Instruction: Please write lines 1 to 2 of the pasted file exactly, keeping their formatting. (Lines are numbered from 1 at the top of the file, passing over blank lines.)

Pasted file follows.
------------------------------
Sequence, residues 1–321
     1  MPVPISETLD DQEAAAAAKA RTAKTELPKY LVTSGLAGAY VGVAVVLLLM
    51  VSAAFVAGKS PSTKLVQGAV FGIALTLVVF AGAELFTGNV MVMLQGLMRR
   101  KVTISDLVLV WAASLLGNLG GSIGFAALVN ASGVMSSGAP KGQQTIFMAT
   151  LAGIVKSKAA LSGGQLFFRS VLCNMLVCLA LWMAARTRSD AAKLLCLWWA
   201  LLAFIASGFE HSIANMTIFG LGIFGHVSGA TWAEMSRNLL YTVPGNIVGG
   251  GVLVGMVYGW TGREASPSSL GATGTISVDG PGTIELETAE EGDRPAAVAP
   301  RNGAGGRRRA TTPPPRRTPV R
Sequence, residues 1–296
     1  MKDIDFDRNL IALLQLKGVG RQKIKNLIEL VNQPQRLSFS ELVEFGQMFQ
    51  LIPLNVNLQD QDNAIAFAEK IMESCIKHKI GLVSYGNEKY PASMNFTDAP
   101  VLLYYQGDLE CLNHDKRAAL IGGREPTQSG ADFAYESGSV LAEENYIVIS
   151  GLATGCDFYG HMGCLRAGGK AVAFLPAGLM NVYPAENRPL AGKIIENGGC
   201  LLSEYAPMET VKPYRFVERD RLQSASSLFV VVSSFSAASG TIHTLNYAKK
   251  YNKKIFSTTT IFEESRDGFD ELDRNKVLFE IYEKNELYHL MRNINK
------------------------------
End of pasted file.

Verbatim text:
Sequence, residues 1–321
     1  MPVPISETLD DQEAAAAAKA RTAKTELPKY LVTSGLAGAY VGVAVVLLLM